The same goes for behavior modification. If kids are stressed out, they will act out. Behavior modification doesn’t recognize behavior as a manifestation of fear and stress. When kids act out they are regressed, they are operating from an earlier emotional age. Adults shouldn’t regress too. Adults need to create regulation by responding with understanding, awareness, and attunement. This calls on parents to listen to behavior but not react to it; to ignore the behavior but not the child.

Another popular concept I have issues with is “consequences,” the whole “Love and Logic” formula. Implementing fear-based, parent-formulated consequences is reactive and blaming, it’s teaching reactivity. Natural consequences are just that—they will occur naturally. I recommend that parents create love-based consequences. This means parents take preventative responsibility for keeping children safe and regulated. This shifts the emphasis from “you” to “I.” If your small child gets stressed in stores and starts picking up merchandise and hiding it in their pockets, you should put your child in your shopping cart to keep them safe. We shouldn’t ask children to figure out their own problems. Adults need to go to the dark places and suffer through the hard stuff with their children to build reparative relationships. This is hard and complicated—and important.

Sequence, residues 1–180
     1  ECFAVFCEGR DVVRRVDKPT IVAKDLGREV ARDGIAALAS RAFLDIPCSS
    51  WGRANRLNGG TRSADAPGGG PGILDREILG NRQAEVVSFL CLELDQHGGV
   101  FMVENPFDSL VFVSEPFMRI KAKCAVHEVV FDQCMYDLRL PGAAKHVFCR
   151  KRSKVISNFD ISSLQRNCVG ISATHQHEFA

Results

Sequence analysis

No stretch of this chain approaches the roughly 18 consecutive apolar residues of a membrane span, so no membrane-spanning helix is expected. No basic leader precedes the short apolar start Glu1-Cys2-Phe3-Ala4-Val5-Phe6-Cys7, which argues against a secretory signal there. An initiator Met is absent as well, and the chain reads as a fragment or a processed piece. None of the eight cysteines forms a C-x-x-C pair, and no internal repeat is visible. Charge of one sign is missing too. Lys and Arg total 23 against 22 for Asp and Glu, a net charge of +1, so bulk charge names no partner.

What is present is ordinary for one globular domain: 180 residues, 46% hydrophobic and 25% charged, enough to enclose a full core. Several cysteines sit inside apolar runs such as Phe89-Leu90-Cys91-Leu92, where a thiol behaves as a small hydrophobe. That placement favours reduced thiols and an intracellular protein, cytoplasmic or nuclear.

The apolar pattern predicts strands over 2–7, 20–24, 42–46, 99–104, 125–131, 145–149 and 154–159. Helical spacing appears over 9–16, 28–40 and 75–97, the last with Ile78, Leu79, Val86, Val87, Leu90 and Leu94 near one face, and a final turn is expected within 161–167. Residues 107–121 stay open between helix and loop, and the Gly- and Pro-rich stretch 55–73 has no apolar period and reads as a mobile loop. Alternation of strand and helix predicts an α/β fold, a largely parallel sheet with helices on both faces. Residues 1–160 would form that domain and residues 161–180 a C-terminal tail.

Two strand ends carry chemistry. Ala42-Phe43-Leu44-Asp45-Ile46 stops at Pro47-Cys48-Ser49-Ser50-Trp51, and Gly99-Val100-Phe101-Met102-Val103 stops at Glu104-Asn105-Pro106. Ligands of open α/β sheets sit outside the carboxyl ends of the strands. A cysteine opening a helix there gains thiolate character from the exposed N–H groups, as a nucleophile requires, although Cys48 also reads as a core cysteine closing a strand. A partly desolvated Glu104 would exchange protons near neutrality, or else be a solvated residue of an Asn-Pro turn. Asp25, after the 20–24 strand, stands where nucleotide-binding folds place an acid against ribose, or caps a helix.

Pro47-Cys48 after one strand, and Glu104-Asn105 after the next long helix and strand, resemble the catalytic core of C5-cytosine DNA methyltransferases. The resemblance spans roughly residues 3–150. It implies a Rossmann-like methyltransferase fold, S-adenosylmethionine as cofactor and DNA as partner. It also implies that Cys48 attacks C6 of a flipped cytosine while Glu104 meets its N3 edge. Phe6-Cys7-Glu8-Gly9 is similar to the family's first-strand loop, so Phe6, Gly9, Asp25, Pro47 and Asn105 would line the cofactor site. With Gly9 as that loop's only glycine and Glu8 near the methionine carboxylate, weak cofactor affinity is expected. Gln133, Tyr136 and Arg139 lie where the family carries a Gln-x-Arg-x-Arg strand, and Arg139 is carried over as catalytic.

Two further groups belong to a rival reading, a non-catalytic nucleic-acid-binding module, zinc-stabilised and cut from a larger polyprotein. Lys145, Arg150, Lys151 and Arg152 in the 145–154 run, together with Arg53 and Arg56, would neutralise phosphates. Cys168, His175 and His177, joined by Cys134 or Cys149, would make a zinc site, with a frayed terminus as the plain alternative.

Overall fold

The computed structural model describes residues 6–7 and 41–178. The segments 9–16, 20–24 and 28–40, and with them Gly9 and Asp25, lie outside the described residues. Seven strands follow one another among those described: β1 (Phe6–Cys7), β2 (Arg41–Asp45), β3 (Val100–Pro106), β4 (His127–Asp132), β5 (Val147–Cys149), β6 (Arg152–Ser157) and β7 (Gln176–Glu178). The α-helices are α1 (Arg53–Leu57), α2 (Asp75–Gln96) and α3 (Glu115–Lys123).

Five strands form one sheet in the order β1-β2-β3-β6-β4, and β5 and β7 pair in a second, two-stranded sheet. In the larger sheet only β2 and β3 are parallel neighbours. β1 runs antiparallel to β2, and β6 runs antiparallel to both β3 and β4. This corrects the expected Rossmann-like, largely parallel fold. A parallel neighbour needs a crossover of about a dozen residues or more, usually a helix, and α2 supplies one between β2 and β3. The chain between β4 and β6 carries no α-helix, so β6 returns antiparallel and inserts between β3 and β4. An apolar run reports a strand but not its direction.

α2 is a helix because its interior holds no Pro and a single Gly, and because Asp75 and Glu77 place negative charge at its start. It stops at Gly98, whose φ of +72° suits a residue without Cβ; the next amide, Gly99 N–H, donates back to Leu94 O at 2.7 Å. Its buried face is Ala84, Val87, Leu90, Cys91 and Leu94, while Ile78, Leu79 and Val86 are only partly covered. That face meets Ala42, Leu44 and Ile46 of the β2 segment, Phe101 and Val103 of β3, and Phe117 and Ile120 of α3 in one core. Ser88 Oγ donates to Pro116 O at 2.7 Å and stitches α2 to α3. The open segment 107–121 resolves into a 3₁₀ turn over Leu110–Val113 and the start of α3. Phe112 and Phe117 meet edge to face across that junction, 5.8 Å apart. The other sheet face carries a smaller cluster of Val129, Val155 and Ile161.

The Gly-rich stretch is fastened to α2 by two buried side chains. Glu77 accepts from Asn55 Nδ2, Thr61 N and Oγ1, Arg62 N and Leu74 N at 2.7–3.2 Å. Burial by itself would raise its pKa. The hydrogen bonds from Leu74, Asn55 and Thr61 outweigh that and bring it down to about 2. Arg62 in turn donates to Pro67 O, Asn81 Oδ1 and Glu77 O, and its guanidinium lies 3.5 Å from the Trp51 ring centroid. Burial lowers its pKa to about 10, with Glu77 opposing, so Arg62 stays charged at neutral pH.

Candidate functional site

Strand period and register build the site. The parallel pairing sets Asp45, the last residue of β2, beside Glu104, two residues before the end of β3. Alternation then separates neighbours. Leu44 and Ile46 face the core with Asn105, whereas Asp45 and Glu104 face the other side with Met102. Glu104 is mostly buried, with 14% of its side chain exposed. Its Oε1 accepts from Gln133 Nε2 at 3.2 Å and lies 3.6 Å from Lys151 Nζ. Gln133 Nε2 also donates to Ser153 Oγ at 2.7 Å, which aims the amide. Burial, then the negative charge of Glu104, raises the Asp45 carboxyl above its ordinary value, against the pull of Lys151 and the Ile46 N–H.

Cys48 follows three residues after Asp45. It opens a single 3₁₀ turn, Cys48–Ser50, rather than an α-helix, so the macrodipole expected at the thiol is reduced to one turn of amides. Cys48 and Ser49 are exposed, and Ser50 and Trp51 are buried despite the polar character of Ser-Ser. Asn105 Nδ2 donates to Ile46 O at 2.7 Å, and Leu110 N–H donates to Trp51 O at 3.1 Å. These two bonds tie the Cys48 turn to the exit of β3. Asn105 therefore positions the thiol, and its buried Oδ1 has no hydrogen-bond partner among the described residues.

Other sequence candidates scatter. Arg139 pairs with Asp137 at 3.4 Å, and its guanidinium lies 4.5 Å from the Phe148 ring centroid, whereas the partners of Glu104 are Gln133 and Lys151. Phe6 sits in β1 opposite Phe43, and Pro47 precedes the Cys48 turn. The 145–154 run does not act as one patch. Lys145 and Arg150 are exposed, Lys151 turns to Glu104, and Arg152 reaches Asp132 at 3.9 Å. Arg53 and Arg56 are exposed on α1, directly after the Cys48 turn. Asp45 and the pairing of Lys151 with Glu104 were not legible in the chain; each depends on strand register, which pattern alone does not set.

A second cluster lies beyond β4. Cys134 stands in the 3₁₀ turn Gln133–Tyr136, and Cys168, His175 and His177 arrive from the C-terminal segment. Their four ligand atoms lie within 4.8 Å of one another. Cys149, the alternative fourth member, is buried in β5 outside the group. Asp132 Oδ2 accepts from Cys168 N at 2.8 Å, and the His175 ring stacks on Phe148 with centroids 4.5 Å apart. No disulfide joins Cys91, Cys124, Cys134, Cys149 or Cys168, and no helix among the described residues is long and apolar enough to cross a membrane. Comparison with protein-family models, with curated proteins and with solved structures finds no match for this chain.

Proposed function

PACT: Are there trends or hot-button issues you are noticing in youth mental health right now? What can parents do to meet their children’s evolving needs?

POST: Gender identity challenges are becoming one of the most pervasive issues facing families today. Again, in highly stressed situations, parents still have to seek understanding. Issues only become bigger when we resist and fight against them. These challenges are usually layered on top of already strained relationships, and unexpressed and unprocessed traumas from the past. Parents accuse their children of being confused when in fact, the parents are just as confused. We really have to work to suspend judgement and at the same time practice sound logic and reason, be responsible and mature adults. If your child is gender-fluid or wants to assign themself an identity separate from your own beliefs, find in your heart the space to love and respect them. At the end of the day, the relationship is the most important thing. Stay focused on a loving, connected relationship and things have a way of working out.

We are grateful to Bryan for sharing his personal story and professional expertise with the Pact community. For more, read the article he wrote for Pact on Understanding Trauma & Behavior in Adopted Children, and check out his website.